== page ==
Students Not Allowed Their Rights

For Those That Are For Free Press in Schools

High School Newspapers

There are many high school and even college newspapers that are written each day that have sections of them censored. Students get very unhappy that they can't even write their own newspaper, and this is a major problem in our country.


The Hazelwood Decision

At Hazelwood High School, a group of students wrote a school newspaper, called Spectrum. When they were ready to release them, the principle, Robert E. Reynolds, checked the newspaper. When he saw an article that talked about certain people's private lives, he deleted two whole pages of the student's newspaper. In that process, the principle deleted 4 other articles, which were perfectly fine.


This is a link that'll take you to a website that can explain the Hazelwood Decision better to you.

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This Needs to End

Many high schools ended their newspapers completely, a great raise in censorship of newspapers, calls for help to the Student Press Law Center (SPLC) have skyrocketed, and many schools have taken up the look and feel that their district wants them to.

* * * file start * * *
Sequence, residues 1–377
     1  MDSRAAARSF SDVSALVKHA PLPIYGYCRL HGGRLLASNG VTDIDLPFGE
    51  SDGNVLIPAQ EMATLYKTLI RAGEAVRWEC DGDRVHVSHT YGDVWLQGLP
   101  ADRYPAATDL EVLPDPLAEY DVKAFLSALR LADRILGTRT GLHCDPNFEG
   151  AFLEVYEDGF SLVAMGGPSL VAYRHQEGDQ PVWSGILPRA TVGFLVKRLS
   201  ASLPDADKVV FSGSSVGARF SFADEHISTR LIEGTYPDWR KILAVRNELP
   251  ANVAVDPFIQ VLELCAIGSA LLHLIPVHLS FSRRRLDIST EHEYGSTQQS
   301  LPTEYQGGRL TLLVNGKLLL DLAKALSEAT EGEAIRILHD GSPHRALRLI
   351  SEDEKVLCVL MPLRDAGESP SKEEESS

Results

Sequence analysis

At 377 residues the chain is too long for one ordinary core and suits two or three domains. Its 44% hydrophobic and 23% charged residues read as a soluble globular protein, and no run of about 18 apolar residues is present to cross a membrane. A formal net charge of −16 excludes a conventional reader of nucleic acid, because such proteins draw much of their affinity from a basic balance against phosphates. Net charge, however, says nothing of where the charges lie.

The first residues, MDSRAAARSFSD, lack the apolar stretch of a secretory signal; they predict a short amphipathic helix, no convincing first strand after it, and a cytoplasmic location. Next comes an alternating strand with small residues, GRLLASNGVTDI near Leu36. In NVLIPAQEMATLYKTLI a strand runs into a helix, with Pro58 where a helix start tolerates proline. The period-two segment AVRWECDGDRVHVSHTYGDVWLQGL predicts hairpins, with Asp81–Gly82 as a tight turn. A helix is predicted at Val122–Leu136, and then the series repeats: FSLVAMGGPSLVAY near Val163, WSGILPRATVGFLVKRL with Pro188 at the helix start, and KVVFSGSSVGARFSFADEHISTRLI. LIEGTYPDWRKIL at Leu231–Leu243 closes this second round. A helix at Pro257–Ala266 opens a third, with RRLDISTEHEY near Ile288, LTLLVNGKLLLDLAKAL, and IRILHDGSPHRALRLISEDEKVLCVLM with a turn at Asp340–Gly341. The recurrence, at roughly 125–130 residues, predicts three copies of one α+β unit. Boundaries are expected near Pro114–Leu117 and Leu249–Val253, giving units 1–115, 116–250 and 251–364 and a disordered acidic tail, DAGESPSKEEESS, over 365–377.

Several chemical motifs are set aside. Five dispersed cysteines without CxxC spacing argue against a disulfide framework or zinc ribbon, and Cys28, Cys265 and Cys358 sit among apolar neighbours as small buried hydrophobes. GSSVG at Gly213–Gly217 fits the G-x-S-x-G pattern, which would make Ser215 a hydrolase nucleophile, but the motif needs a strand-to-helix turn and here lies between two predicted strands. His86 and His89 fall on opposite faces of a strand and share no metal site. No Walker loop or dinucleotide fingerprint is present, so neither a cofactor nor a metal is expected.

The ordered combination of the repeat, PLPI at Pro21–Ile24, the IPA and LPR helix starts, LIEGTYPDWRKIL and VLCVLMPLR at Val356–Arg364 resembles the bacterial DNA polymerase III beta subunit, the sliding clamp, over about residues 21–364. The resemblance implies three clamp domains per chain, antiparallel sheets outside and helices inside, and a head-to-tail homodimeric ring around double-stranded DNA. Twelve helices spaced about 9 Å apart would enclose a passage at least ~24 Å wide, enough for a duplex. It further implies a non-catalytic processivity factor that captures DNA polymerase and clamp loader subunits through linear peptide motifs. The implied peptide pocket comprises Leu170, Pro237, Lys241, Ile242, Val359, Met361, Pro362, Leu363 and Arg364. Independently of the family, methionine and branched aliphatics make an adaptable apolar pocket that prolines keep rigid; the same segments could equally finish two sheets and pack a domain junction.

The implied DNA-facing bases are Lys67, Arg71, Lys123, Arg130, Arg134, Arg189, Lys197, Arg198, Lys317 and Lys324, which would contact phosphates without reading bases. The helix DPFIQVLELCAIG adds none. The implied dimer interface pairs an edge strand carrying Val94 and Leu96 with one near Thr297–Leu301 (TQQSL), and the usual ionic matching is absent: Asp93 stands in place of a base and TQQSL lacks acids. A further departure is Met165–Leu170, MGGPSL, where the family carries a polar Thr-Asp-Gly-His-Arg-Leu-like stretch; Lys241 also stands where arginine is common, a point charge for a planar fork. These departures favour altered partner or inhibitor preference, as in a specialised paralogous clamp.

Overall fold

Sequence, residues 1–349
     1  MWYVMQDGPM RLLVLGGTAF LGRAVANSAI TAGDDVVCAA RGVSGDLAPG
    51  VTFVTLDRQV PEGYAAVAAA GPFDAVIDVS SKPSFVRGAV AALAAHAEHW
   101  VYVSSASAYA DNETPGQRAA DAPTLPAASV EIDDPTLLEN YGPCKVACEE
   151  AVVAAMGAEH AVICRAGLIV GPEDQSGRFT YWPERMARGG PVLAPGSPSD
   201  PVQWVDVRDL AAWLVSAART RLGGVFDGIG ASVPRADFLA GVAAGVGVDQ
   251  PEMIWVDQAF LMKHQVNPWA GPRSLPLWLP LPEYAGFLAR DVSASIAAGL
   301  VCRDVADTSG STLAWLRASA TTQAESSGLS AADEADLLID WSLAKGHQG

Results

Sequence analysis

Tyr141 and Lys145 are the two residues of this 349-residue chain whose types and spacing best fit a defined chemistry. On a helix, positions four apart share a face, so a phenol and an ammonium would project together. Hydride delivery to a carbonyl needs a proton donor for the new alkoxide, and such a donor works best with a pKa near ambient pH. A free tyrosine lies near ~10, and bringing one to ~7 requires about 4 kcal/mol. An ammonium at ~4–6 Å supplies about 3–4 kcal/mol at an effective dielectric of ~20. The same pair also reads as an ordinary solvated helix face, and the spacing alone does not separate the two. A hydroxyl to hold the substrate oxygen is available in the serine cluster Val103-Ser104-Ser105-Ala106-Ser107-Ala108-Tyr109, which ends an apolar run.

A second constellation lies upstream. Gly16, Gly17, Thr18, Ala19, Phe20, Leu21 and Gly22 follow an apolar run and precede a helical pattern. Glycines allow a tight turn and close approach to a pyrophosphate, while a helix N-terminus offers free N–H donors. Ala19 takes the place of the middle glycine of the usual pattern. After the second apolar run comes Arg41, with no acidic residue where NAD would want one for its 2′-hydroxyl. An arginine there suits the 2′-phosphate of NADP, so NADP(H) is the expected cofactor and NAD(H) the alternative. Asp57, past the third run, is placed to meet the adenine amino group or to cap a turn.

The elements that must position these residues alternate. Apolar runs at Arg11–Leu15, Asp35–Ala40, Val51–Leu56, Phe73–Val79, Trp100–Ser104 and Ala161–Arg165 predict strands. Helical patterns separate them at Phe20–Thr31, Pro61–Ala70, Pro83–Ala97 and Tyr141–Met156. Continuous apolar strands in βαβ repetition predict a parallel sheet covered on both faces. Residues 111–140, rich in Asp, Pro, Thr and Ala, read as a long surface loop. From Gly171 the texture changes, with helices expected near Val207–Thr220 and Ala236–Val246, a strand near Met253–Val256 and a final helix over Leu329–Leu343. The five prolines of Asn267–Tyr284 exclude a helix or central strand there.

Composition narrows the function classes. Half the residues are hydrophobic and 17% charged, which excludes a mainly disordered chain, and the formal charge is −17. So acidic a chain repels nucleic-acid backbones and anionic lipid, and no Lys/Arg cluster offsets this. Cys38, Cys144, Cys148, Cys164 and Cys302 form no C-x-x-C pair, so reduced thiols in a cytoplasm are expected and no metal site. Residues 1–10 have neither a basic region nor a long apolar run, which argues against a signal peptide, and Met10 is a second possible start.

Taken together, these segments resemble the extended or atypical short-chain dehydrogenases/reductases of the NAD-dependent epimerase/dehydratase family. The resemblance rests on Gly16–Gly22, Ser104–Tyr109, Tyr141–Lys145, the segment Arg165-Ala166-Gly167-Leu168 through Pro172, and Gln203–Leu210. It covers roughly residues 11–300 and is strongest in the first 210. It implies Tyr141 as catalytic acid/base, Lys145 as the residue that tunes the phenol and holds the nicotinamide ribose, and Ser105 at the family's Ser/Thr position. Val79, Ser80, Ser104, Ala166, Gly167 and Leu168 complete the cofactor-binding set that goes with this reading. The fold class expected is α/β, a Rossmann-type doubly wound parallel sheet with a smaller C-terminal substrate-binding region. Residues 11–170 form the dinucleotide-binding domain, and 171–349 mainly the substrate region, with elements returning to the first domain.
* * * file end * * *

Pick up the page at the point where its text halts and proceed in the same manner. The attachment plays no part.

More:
Opinions

Here are the opinions of two other people who've taken the time to consider my side of this concept.


From Bella:

There is a clear thesis statement, but it should be more clear in the first paragraph. The facts are there, but also not too clear. The opposition is there in the first paragraph, and the last paragraph restates the thesis statement. At the end of this, it ends with broader significance. All these ideas flow into each other, there's enough information, and a slant if kind of present. There are definite paragraphs, spelling and punctuation are all good, and there are mechanics and usage.


From Connor:

The thesis statement isn't clear, and neither are the facts stated. The opposition isn't clear, the ideas kind of flow together, and there isn't enough information. The slant is a little present, and there are paragraphs. He thinks there's mechanics and usage, and also comments that it needs a lot more information that needs to be stated clearer.


Here is an interview on Erik Luehrmann

Matthew: Erik, which side would you be on if you had to decide schools in our country having free press or not?



Erik: I would be on the side that allows school press because you can now see what is happening in the school.